Ramon Llamas at IDC said Apple’s sales appeared to have been hurt by people waiting for new iPhone models in the second half of the year.
“Market opportunities exist at all levels, including the high end,” Llamas said. “While Samsung and Apple accounted for significant share of the overall market, they were not the only vendors active in the high end of the market,” he said.
“And recent device introductions and upcoming launches signal more vendors targeting this space. Comparisons will certainly be made to the flagship Galaxy and iPhone models, but clearly the competition refuses to be shut out altogether.”
IDC’s figures showed 52 percent growth in smartphones with shipments totalling 237.9 million. It showed Samsung on top with 30.4 percent to 13.1 percent for Apple, with LG third at 5.1 percent, followed by Lenovo (4.7 percent) and ZTE (4.2 percent).
Strategy Analytics said growth was 47 percent annually to 230 million units. Its survey gave Samsung 33.1 percent to 13.6 percent for Apple, with LG at 5.3 percent, ZTE and 5.0 percent and Chinese maker Huawei in fifth place at 4.8 percent.
Apple developing iPhones and tablets with bigger screens—report Agence France-Presse 5:02 pm | Tuesday, July 23rd, 2013
TAIPEI — Apple could roll out smartphones and tablets with bigger screens in a move analysts say is an attempt to catch up with a trend set by its major rival Samsung.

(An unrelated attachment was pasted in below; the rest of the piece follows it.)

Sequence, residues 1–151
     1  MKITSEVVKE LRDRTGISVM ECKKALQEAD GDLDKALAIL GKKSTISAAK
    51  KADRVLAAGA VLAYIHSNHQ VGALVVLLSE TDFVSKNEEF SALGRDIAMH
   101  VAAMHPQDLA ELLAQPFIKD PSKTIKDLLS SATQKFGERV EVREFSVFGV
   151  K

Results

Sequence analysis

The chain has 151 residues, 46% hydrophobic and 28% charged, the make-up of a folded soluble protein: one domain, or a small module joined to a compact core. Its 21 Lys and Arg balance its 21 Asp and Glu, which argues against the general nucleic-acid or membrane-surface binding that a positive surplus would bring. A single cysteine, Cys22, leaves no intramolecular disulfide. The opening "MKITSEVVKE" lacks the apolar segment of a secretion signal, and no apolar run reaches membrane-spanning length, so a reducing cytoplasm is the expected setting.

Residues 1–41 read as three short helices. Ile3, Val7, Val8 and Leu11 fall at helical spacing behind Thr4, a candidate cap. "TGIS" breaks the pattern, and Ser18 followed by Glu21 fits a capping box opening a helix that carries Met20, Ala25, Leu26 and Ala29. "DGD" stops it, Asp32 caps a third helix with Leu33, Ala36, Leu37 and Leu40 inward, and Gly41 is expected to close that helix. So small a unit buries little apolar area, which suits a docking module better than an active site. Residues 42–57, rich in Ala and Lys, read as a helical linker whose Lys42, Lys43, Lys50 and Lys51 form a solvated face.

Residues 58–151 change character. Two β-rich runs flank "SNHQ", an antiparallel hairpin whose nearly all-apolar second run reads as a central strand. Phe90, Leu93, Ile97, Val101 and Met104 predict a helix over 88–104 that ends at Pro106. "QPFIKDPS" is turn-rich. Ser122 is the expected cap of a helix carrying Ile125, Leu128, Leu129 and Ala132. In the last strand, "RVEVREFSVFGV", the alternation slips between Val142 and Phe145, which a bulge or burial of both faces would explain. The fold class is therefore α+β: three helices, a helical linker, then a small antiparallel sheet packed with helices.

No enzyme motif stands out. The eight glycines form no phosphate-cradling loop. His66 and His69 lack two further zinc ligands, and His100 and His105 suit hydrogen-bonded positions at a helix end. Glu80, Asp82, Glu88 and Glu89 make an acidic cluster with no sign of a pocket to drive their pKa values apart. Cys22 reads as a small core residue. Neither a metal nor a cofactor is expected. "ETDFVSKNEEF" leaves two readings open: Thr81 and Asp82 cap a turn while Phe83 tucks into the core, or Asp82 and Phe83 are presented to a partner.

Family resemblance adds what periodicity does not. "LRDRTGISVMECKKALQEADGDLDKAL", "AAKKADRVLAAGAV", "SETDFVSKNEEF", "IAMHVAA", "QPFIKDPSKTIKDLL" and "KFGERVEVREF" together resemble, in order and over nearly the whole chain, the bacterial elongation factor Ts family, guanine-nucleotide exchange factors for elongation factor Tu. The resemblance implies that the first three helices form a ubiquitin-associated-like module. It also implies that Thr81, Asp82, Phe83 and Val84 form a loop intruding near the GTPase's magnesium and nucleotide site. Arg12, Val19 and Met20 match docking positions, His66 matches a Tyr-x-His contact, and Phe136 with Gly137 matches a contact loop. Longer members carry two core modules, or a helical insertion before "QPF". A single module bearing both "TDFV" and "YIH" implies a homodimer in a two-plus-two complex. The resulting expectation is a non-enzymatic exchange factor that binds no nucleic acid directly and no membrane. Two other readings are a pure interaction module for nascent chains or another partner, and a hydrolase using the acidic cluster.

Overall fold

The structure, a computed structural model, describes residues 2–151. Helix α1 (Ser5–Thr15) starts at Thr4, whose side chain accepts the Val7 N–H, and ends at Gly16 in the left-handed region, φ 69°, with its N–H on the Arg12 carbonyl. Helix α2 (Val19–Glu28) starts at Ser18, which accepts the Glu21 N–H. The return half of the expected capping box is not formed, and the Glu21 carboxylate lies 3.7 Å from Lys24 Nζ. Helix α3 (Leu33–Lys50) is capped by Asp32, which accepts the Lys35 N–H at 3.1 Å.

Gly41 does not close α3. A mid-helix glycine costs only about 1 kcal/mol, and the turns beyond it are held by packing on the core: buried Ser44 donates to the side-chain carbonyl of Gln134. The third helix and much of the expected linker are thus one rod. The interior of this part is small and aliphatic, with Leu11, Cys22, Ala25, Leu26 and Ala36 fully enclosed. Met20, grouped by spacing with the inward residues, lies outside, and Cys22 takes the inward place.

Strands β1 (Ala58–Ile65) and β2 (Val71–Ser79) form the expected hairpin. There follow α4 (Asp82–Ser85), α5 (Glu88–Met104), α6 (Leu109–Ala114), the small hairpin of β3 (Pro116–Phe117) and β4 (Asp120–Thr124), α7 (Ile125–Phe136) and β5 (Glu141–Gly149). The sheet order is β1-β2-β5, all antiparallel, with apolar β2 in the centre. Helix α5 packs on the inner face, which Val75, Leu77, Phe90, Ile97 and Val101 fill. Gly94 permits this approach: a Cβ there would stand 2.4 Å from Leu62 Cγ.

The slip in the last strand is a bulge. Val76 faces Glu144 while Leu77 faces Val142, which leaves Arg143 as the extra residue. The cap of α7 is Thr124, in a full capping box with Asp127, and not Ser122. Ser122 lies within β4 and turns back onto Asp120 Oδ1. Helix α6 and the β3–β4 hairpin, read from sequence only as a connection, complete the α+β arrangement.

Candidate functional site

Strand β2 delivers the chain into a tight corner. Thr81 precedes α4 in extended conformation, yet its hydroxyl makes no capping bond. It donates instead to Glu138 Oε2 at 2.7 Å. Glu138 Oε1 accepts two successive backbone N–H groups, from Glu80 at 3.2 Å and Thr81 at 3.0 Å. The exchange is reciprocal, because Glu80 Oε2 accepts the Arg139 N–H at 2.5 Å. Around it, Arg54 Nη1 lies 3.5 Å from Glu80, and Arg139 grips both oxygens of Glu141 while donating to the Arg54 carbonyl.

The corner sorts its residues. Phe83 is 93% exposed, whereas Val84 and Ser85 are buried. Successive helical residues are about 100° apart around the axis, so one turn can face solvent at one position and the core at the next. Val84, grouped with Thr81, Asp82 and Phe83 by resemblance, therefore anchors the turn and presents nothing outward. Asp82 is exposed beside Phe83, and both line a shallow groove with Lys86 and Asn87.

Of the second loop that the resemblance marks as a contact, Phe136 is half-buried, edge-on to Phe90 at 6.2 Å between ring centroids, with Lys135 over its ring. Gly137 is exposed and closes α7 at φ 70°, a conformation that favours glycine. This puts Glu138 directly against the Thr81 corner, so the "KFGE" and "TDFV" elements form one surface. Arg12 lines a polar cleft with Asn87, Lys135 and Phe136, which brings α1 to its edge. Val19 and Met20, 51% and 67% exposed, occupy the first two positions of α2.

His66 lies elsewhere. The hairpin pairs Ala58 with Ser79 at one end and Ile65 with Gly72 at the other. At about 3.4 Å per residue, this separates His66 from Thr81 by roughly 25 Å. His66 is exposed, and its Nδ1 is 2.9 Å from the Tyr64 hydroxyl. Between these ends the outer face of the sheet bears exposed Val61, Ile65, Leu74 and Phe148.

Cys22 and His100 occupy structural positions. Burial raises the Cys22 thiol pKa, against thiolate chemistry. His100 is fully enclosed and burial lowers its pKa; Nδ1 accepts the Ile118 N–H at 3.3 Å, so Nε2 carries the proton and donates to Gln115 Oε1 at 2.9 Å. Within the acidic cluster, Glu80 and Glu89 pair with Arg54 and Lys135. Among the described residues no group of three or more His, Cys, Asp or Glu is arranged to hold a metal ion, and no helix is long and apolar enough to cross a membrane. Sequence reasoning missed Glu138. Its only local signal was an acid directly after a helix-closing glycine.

The Californian tech giant and its Asian suppliers are testing smartphone screens larger than four inches and tablet screens slightly less than 13 inches, the Wall Street Journal reported, without naming the suppliers.
Samsung, which has released a series of handsets and tablets with increasingly larger screens, has seen its global market share rise as consumers flock to their products putting Apple under pressure to follow suit.
The paper said it was not clear if such designs would ever make their way onto the market, but analysts said smartphones with bigger displays are increasingly popular because they meet the needs of users.
“Such designs are understandable as people tend to use their smartphones more for apps than for making calls,” Kuo Ming-chi, at the Taipei-based KGI Securities Investment Advisory Co, told AFP.